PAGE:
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Ocean Currents

An Ocean-Powered Recovery for Our Economy

The ocean can help address the economic impacts of the pandemic and the environmental impacts of climate change

NOAA wetlands oysters coast
© NOAA

While the ocean is appreciated for many reasons such as its natural beauty, raw power, healing abilities and the cool animals that call it home, we often forget an additional impressive ocean attribute. I’m talking about the livelihoods and jobs it creates. I grew up near Santa Monica, California and volunteered at an aquarium underneath its world-famous pier (yes, this one), so I get that tourism is a big industry, but that just touches the surface of what the ocean provides. Fishing, shipping and renewable energy are just a few of the other engines that power coastal economies.

Through those sectors and activities, the ocean can address some of today’s biggest global issues: the economic impacts of the pandemic and the environmental impacts of climate change. In 2018 alone, the ocean provided the United States with $373 billion in goods and services and 2.3 million jobs. At the same time, protecting and restoring just the coastal wetlands, mangroves and other “blue carbon” ecosystems in the United States over the next thirty years would be the equivalent to taking 3.5 million cars off the road. Let’s lean into that. Right now we can conserve and restore coastal ecosystems to protect our communities from climate change damages such as rising sea levels and ocean acidification. These investments also help spur more economic growth for our ocean and coastal communities.

NOAA wetlands oysters coast
© NOAA

This wouldn’t be the first time the United States has made these investments either. Here’s an oyster reef restoration project located in Florida’s St. Lucie estuary that was funded the last time the United States government facilitated an economic recovery in 2009. Not only did projects like these provide fish habitat, improve water quality and protect the coast from erosion, they also created jobs and helped our blue economy! And people really wanted them. When $167 million was made available for coastal restoration projects like these, more than $3 billion worth of proposals came rolling in. Of the projects that did get funded, we saw more than 2,000 jobs created and $260 million in economic benefits. Right now is a critical time for even more projects like these.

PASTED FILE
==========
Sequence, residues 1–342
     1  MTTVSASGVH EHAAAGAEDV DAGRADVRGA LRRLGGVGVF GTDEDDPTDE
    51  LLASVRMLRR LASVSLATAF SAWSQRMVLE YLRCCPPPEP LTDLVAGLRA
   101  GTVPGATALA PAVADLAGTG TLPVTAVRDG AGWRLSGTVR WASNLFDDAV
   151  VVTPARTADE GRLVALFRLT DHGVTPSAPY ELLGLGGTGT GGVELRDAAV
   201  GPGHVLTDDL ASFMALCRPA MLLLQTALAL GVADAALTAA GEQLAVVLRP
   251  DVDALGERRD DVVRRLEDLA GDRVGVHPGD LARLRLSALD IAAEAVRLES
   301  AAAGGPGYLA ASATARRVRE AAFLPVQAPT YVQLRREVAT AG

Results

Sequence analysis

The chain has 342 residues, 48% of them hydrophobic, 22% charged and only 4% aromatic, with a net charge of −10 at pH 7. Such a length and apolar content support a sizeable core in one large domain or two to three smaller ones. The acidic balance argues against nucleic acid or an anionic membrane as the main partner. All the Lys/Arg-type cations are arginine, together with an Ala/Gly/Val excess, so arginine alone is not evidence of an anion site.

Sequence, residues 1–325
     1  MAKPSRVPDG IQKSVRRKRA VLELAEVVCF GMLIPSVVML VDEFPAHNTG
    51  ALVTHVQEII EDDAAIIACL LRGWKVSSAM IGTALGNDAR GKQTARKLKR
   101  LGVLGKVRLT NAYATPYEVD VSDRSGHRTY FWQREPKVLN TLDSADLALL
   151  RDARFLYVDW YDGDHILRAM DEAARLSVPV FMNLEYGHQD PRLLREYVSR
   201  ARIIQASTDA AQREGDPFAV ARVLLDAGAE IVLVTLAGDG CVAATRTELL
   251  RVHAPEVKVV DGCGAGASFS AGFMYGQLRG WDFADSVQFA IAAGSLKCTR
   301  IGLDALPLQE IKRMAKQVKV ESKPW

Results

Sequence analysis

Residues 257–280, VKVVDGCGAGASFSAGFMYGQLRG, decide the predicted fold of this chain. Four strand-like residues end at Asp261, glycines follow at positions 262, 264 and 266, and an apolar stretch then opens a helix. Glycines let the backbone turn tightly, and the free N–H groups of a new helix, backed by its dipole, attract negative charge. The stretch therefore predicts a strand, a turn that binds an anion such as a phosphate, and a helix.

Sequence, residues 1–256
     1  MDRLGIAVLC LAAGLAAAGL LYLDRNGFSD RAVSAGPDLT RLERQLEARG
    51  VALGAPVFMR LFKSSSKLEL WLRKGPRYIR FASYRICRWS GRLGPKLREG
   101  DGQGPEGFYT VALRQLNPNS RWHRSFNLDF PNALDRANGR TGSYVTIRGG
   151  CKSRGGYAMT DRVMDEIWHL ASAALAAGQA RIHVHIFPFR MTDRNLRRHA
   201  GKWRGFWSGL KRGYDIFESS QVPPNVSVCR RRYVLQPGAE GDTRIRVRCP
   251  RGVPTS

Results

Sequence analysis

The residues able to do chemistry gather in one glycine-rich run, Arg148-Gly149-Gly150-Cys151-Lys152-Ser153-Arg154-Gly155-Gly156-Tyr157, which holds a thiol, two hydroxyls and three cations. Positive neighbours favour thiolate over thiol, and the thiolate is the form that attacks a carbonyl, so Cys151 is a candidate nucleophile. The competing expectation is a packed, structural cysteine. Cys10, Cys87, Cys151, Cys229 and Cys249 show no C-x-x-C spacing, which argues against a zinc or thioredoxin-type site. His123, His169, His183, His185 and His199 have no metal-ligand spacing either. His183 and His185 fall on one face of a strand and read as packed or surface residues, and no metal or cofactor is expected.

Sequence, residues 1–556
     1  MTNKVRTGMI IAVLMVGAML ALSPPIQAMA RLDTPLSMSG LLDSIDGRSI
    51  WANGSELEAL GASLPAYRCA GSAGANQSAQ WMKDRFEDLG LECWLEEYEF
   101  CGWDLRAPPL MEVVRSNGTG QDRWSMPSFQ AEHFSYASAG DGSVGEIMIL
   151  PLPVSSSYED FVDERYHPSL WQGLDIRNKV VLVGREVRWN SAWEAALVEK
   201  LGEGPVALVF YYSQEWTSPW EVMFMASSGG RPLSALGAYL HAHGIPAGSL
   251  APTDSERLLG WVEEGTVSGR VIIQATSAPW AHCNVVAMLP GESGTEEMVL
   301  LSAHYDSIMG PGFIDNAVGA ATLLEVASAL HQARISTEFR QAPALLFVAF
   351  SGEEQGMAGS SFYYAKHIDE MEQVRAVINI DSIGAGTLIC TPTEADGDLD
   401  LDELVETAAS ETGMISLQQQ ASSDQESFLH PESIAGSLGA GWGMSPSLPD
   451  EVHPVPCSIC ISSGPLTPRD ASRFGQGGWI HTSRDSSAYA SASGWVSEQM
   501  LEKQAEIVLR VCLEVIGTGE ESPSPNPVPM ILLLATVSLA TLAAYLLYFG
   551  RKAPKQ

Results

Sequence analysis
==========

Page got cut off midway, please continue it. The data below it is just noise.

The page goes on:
We should also invest in clean, zero-emission shipping and port technologies that combat climate change, strengthen our economy and reduce the air pollution and negative health impacts on port-side communities, often populated by people of color. If global shipping was its own country, it would be the sixth-worst greenhouse gas emitter, topping all of Germany! As we build back our coastal communities, now is the time to invest in cleaner shipping and port infrastructure so we can address climate change and build healthier coastal communities and a healthier ocean.

Estuary restoration
© NOAA

So while we’re all hoping for a “return to normal” sometime soon, I hope that we get to something better, where there will be more wetlands and mangroves to protect our coasts and store carbon as well as more ports powered with clean electricity instead of fossil fuels which have been polluting neglected neighboring communities.

To help us get there, and faster, you can take action here. We are just starting, but with so much attention turning towards climate change and justice, I am confident we can make things better for everyone.

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